The authors of this paper do not have any commercial associations that might pose a conflict of interest in connection with this manuscript.
Three times more days depressed than manic or hypomanic in both bipolar I and bipolar II disorder1
Version of Record online: 2 AUG 2007
Volume 9, Issue 5, pages 531–535, August 2007
How to Cite
Kupka, R. W., Altshuler, L. L., Nolen, W. A., Suppes, T., Luckenbaugh, D. A., Leverich, G. S., Frye, M. A., Keck, P. E., McElroy, S. L., Grunze, H. and Post, R. M. (2007), Three times more days depressed than manic or hypomanic in both bipolar I and bipolar II disorder. Bipolar Disorders, 9: 531–535. doi: 10.1111/j.1399-5618.2007.00467.x
- Issue online: 2 AUG 2007
- Version of Record online: 2 AUG 2007
- Received 18 August 2006, revised and accepted for publication 22 December 2006
- bipolar I disorder;
- bipolar II disorder;
- course of illness
Objectives: To assess the proportion of time spent in mania, depression and euthymia in a large cohort of bipolar subjects studied longitudinally, and to investigate depression/mania ratios in patients with bipolar I versus bipolar II disorder.
Methods: Clinician-adjusted self-ratings of mood were completed daily for one year for naturalistically treated outpatients with bipolar I (n = 405) or bipolar II (n = 102) disorder. Ratings were analyzed for mean time spent euthymic, depressed, manic, hypomanic, and cycling, and the percentages of time spent ill were compared between the two groups.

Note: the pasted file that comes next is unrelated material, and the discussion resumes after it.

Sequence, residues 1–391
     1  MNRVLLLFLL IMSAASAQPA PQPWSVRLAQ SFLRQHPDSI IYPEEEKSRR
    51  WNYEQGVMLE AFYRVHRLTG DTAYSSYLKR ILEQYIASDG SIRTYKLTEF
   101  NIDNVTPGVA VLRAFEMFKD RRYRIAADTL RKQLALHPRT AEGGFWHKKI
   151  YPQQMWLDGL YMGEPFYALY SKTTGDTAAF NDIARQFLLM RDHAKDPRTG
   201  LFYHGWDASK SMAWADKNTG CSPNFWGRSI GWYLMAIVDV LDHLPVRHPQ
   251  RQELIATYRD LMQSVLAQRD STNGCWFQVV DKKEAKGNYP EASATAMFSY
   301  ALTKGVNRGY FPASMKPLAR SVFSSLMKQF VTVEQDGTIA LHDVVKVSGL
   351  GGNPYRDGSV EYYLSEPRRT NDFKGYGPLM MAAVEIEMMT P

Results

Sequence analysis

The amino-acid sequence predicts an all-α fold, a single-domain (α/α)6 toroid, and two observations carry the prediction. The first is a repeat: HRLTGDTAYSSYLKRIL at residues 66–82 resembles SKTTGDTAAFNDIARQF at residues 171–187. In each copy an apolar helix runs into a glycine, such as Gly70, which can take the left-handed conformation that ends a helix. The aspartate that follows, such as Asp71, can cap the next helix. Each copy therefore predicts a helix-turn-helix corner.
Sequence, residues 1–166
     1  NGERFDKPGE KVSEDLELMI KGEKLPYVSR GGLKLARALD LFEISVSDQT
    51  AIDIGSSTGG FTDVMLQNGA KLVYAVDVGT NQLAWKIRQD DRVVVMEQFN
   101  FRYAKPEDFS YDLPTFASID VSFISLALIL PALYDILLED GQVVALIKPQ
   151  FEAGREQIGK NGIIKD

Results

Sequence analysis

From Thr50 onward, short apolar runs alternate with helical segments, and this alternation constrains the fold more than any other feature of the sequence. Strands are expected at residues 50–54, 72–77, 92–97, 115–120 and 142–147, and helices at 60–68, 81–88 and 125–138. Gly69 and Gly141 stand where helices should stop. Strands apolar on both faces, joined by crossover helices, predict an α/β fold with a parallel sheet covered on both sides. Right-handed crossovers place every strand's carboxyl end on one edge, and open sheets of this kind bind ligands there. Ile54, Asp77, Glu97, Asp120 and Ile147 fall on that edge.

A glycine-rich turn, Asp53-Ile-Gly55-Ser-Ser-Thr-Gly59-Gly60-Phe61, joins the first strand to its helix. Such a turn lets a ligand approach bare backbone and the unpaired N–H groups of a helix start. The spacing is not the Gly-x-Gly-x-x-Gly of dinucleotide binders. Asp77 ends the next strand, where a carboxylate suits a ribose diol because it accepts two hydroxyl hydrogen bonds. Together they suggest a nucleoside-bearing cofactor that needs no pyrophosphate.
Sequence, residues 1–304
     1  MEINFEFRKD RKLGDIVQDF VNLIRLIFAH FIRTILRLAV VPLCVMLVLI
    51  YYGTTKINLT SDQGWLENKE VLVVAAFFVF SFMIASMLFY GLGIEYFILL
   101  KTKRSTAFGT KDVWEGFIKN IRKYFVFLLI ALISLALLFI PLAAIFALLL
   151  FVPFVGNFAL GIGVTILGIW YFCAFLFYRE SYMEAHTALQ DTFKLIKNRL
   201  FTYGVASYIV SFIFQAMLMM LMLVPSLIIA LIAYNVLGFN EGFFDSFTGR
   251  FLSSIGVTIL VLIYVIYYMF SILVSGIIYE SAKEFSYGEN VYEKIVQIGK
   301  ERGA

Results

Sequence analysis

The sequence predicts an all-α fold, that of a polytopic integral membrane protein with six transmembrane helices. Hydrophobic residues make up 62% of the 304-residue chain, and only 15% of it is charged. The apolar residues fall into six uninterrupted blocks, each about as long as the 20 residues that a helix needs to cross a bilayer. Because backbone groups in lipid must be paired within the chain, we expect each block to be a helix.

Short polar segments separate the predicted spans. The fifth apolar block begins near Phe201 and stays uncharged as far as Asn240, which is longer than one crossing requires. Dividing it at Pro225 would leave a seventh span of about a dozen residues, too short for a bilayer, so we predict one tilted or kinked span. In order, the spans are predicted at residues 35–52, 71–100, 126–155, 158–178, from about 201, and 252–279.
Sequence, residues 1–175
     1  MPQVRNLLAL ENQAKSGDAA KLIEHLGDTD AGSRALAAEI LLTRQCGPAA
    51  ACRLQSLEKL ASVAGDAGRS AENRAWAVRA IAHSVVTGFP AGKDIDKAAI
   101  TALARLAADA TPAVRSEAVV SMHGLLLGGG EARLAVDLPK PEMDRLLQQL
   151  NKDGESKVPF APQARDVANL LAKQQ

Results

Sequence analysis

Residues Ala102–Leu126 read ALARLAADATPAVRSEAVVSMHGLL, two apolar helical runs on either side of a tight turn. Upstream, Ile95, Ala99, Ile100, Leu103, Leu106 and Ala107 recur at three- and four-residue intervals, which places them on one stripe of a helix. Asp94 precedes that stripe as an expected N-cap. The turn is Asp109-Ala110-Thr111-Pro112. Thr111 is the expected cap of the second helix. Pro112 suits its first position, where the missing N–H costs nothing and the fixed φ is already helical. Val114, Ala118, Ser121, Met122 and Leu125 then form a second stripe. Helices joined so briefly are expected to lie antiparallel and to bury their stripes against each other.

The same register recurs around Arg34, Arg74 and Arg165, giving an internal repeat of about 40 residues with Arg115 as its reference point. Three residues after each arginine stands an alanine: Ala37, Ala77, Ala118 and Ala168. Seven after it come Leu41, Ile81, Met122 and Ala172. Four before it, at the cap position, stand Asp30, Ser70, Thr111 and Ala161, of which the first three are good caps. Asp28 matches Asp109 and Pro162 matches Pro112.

Results: Percentages of time spent ill for bipolar I versus II patients were: euthymia 47.7% versus 50.2%; depression 36.0% versus 37.0%; hypomania 11.5% versus 9.8%; mania 1.0% versus 0.2%; and cycling 3.7% versus 2.8%. The depression/mania ratio was 2.9 in the bipolar I and 3.8 in bipolar II sub-groups.
Conclusions: Depression represents the predominant abnormal mood state for treated outpatients with bipolar I and II disorder. In contrast to other studies, we found that depression/mania ratios were of a similar magnitude, suggesting the same tendency towards mood instability in both sub-groups.